Allergies come in all shapes and sizes ...
Just like allergy sufferers. And they are on the rise. For many people allergies can range from sniffling and sneezing to skin rashes to gastrointestinal issues. A certain percentage, however, have more than these uncomfortable symptoms to deal with. Anaphylaxis, a serious life-threatening reaction, causes approximately 1,500 deaths a year in the United States alone. Clearly, allergies are nothing to sneeze at!
Articles for Advocacy
Recently the Food and Drug Administration (FDA) issued revised guidelines, “relaxing” packaged food labeling requirements. They were concerned about possible supply disruptions brought on by the coronavirus pandemic. The result has been confusion, concern and controversy. What do these new guidelines really mean? How do they impact individuals and families with life-threatening food allergies? How can people stay safe and informed? Read what the FDA, consumer groups, and parents have to say.
What the FDA's Relaxed Food Label Rules Mean for People with Allergies
The Agency’s Action Is Alarming Consumers Who Rely on Ingredient Labels to Stay Safe.
By Rachel Rabkin Peachman
July 7th, 2020
To avoid potential food-supply-chain disruptions in the midst of the coronavirus pandemic, the Food and Drug Administration announced last month that it has temporarily relaxed food labeling guidelines, allowing manufacturers of packaged foods to substitute certain ingredients without changing the labels.
The guidance was meant to head off issues that could arise if manufacturers were to have trouble obtaining ingredients and pertains only to ingredients that are present in foods in relatively small amounts.
When you or a family member have a food allergy, putting together the family grocery list isn’t just about who likes or dislikes certain foods. It’s also about foods that can cause a potentially fatal allergic reaction. Knowing what foods to avoid is essential. A new study from Food Allergy Research & Education (FARE) shows how universal labeling could help consumers. Our association strongly endorses food labeling that clearly lists all ingredients, especially any dangerous allergens.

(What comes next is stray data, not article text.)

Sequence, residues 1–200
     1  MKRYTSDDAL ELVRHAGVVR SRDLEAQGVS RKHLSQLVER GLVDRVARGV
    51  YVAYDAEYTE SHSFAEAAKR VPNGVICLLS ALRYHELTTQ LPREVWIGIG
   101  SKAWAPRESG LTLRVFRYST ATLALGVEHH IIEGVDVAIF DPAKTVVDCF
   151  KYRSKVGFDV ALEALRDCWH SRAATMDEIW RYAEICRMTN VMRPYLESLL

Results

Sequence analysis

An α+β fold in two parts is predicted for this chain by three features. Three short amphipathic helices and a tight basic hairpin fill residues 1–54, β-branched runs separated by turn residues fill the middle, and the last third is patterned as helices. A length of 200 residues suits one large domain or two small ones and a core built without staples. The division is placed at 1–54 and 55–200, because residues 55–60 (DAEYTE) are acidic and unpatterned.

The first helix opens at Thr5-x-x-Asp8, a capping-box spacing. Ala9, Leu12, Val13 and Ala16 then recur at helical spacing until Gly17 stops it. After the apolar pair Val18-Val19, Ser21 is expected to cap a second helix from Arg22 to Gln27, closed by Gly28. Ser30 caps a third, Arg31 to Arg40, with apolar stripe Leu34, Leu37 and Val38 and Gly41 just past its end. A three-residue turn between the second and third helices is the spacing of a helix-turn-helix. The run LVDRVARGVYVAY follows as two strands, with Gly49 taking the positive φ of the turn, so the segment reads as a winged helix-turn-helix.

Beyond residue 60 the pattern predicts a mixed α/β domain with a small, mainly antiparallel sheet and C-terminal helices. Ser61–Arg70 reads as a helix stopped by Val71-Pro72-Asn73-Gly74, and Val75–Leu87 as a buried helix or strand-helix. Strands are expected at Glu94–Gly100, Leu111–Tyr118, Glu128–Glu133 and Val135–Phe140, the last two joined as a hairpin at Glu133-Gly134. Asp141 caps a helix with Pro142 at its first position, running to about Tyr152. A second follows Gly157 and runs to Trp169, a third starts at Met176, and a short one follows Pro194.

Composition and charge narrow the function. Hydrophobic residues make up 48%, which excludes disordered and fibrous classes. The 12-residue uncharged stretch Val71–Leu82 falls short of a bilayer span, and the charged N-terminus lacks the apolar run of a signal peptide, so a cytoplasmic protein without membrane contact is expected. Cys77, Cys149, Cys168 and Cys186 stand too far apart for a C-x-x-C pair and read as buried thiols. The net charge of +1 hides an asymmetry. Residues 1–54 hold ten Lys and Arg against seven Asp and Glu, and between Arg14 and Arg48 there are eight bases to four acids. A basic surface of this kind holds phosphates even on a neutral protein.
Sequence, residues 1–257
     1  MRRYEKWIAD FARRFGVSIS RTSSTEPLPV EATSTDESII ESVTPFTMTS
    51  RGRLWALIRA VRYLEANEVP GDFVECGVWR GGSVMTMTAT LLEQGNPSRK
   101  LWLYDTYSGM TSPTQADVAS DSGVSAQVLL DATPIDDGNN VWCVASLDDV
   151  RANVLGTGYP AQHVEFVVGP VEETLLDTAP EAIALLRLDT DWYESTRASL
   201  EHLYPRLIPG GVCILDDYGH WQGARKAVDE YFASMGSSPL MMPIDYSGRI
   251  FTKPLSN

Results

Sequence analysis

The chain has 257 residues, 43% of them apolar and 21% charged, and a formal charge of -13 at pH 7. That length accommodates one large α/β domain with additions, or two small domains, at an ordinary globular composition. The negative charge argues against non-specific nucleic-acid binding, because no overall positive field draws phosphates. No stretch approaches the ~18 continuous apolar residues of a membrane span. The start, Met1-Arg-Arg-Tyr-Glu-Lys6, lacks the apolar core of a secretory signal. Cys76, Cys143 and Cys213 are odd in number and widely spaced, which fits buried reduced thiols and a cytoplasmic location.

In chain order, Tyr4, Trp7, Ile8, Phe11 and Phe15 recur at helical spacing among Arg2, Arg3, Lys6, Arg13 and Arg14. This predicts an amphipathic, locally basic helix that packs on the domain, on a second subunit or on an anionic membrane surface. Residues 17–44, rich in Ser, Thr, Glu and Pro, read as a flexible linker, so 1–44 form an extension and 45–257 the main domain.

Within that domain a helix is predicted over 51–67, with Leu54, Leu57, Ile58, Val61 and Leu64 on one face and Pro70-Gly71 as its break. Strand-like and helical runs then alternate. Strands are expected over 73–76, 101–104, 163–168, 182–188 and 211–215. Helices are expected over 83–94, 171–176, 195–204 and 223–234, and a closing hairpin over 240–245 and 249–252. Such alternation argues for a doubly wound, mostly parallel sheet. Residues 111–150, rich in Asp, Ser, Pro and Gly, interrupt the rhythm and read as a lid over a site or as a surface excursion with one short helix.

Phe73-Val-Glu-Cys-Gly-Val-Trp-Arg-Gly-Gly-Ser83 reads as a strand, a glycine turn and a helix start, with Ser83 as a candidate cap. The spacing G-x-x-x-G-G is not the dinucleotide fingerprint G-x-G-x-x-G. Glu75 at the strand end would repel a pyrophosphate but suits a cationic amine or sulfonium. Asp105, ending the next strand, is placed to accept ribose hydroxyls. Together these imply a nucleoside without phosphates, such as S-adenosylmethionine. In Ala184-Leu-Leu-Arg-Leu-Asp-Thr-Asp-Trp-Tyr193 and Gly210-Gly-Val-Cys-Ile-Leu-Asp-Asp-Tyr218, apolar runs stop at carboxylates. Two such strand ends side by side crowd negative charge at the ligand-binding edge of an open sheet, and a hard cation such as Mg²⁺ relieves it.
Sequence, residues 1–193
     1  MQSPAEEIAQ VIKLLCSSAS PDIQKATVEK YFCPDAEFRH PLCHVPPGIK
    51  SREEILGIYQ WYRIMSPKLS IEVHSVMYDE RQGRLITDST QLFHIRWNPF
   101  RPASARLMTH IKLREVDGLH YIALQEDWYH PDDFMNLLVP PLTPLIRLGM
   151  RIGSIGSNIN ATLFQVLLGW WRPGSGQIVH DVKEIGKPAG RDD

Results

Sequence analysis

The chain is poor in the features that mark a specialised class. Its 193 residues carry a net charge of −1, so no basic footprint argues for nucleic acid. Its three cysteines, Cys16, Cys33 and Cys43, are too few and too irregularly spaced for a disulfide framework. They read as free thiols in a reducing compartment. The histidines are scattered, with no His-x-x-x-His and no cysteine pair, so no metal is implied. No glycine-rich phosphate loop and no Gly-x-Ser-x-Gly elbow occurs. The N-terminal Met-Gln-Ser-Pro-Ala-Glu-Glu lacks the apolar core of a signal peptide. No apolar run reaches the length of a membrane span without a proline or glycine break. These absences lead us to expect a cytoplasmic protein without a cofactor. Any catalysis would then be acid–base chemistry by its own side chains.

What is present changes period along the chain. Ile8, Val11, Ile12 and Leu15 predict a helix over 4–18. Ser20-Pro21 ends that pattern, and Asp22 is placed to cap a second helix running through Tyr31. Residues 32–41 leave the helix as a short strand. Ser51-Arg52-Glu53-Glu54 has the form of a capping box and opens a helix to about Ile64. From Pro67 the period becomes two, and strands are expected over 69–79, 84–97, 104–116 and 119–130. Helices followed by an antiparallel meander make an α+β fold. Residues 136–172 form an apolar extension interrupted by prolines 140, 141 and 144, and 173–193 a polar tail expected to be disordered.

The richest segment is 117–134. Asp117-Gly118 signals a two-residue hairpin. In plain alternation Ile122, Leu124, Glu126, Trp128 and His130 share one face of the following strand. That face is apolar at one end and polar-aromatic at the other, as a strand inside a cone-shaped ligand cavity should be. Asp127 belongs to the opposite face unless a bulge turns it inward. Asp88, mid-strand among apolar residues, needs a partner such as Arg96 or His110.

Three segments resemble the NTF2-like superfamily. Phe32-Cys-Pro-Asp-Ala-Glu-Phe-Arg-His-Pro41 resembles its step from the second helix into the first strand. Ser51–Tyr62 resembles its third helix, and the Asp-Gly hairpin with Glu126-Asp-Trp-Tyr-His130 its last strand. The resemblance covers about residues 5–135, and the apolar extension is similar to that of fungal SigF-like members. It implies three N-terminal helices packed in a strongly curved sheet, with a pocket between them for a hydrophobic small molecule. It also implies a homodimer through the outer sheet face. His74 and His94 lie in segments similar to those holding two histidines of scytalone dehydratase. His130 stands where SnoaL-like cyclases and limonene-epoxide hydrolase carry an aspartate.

85 Million Americans Avoid Buying Food with Top 9 Allergens
By Lana Bandoim
July 6th, 2020
A new study from Food Allergy Research & Education (FARE) reveals that 85 million Americans avoid buying food with the top nine allergens in it because either they have allergies or members of their households have them. This consumer group spends $19 billion per year on specialty food products without allergens, and FARE believes universal labels would make shopping easier.
According to FARE, the top nine food allergens in the United States are milk, eggs, wheat, sesame, tree nuts, soy, fish, shellfish and peanuts. One out of four Americans or 85 million people avoid purchasing foods with these allergens. However, only an estimated 32 million Americans are at risk of having life-threatening allergic reactions.
When you have a potentially life-threatening allergy, you must be vigilant. Accidental exposure to an allergen might be fatal. If you are a health care professional and have a latex allergy, the recent updated glove use guidelines issued by the Food and Drug Administration (FDA) has made that vigilance even more challenging. By relaxing the guidelines, the FDA may have created an environment where there are more latex proteins in a healthcare setting.
FDA’s Revised Glove Guidelines Impact People with Latex Allergy
Reporting courtesy of the Allergy and Asthma Network
June 19th, 2020
In March, the U.S. Food and Drug Administration (FDA) updated its glove use guidelines for healthcare professionals during the COVID-19 pandemic. These guidelines, however, loosen latex allergy standards and may potentially put people with latex allergy at risk.
The guidelines include no precautions or education for latex allergy patients and there is no latex warning required on glove labels. The action also suggests that healthcare professionals can extend use of medical gloves between patients, a poor use of glove practice. As a result of these guidelines, latex proteins may now be more present in healthcare settings.